On DVD & Blu-Ray: October 7, 2014

There will come a day when Tom Cruise not only doesn't make action blockbusters like this, but when he won't be able to and when that day comes we will miss it. We won't miss these films strictly out of a sense of nostalgia, but because Cruise is the last of a dying breed; one of the only true movie stars left who, despite his image being tainted over the years, can demand the kind of budget and talent it takes to put together an original effort worth standing behind. He has displayed such influence throughout his career, spearheading projects like The Last Samurai that would have never been made on the scope they were without the involvement of Cruise. So, even though the artistic edges of his earlier work may have faded in the wake of his public life being more important than his acting ability he is still able to make movies he seems interested in, but that are more or less of a certain genre that has better odds of making a solid return than maybe a historical drama. With Edge of Tomorrow, Live Die RepeatAll You Need is Kill or whatever you want to call it (interestingly enough, I don't remember seeing a title card) Cruise has again stepped into the world of science fiction as he seems to enjoy these kinds of worlds and the different rules in each of them he can explore. What makes Cruise the still magnetic force and pure movie star that he always will be though is how he digs into the motivations of the character and makes what could easily be looked down on as silly or nonsensical into a valid threat, a valid journey, a valid plan. To a certain degree audiences expect films of the sci-fi genre to feel gimmicky or sound corny yet here that is made all the more real, all the more immediate by not only the surprisingly rational dialogue, but by the fervor in which Cruise delivers it. Yes, Cruise is chief among his co-workers as a man who can still open a film and get people interested simply by having his name over the title. Still, what struck me more as I watched a nearly 52 year-old Cruise ride a motorcycle on the outskirts of some ravished city that highly referenced any number of Cruise films was that one day we will long to simply go to the movies and have the ability to watch a Tom Cruise blockbuster. Unfortunately, those kinds of opportunities will not always be here and so we should appreciate these occurrences especially when they are as entertaining and and thrilling as Edge of Tomorrow. Full review here. B+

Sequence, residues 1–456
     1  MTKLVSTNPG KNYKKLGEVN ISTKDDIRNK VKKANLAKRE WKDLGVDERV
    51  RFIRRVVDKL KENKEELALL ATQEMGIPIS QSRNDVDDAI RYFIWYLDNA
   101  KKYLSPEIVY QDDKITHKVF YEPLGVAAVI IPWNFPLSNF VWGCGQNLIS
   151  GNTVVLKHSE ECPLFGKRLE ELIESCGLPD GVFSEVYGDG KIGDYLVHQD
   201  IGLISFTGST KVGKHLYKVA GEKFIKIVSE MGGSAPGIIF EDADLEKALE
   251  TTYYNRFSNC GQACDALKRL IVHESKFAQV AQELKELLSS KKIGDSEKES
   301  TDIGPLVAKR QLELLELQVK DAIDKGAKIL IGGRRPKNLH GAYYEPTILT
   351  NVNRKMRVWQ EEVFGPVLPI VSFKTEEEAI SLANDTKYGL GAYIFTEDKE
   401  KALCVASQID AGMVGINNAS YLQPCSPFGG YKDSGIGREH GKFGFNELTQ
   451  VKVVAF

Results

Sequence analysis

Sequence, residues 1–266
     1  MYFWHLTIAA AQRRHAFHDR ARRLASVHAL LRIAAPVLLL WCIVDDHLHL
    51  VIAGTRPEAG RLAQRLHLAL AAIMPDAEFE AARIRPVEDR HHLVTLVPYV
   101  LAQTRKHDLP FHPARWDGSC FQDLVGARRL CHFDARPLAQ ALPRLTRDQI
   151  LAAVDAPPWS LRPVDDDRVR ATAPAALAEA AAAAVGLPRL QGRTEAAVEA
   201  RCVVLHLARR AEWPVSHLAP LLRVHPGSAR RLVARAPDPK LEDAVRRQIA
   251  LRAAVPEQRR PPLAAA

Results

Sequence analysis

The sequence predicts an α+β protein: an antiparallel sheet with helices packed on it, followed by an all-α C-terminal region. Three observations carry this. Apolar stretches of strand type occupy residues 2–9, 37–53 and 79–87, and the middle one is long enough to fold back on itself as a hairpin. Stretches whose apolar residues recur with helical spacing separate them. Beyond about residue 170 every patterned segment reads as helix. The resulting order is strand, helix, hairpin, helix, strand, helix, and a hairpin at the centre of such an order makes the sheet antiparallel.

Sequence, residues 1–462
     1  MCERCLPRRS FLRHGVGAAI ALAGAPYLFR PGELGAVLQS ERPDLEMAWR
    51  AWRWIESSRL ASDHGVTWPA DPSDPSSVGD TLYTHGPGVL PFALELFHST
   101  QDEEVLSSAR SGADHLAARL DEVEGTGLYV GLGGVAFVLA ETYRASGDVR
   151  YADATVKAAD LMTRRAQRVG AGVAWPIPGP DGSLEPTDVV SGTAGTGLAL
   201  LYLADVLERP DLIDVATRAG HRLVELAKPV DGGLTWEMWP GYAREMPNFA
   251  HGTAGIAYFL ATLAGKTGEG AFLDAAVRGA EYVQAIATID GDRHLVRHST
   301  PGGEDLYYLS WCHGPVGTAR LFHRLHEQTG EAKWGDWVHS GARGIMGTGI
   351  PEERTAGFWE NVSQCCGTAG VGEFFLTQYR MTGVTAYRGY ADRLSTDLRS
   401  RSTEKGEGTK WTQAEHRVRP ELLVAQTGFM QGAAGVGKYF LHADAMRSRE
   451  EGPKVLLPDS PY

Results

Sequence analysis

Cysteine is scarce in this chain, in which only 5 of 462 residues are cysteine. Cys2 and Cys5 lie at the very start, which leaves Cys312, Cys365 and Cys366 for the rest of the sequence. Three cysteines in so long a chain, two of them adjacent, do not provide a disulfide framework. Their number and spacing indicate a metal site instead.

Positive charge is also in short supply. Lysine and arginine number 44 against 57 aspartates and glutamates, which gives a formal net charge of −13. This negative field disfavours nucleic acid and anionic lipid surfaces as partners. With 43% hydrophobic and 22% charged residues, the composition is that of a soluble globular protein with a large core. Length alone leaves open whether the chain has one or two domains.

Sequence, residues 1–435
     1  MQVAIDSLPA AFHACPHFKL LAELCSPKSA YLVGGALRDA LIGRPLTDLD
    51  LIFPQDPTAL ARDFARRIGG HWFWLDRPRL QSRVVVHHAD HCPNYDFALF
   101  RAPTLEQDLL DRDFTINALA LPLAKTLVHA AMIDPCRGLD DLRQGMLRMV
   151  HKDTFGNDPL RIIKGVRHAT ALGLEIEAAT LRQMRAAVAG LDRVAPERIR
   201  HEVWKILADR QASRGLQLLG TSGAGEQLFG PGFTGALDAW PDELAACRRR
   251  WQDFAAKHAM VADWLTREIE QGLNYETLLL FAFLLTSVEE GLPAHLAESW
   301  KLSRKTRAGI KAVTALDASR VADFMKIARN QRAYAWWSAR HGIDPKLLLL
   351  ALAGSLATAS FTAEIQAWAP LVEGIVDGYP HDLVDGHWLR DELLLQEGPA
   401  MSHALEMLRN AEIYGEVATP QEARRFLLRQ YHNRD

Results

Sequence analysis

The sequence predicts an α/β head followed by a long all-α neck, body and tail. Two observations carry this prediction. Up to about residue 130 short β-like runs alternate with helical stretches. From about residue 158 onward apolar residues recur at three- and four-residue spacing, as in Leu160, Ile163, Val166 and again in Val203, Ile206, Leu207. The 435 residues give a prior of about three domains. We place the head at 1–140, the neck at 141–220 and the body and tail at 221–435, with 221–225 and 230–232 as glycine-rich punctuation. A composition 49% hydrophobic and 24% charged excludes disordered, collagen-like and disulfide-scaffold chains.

There is always a sense of trepidation when approaching a Seth MacFarlane comedy as I've never been a fan of Family Guy or any of his other animated outings. This is not necessarily because I don't like them, but because I've never really become interested enough to actually sit down and watch them. I realize this isn't MacFarlane's fault and that I might actually appreciate his brand of humor if given the chance. That is almost what happened after seeing Ted two years ago and being surprised by how much I actually enjoyed and laughed at the outrageously broad comedy. I say almost because I still never watched a single episode of any of his television series' or Star Wars parodies, but instead I looked forward to what he might do next in an effort to sustain the good will he received from Ted and bring to the big screen another one of his ridiculous premises only to have it hit with a certain, under-appreciated crowd. MacFarlane makes it clear throughout his latest feature in which he stars, directs and co-wrote titled A Million Ways to Die in the West that he is the underdog and always has been. He seems intent on making very clear not only that he is accustomed to playing this role in life, but that he truly embodies in Albert, his character here, the kind of person it takes to become the guy who'd rather talk things out intelligently than put up their dukes. In fact, he's learned from his no frills father that life isn't easy and so he resorts to ridiculing everything and everyone around him while ultimately feeling like he's never good enough. There is nothing wrong with this and as a general consensus I imagine audiences will agree with his tactics, but it is also made clear that Albert is better than you and he knows it, but he can't bring himself to say it to your face. It's a tough position to be in and an even tougher attitude to pull off when preaching to the crowds that will flock to see this in hopes of another original comedy. The thing about MacFarlane's comedy (and again I'm only speaking from the experience of having seen this and Ted) is that while he condescends and outsmarts his opponents the majority of the time he never makes us, the audience, feel as if we're in on the joke with him, but instead that we are as stupid as those he is talking down to. Full review here. C-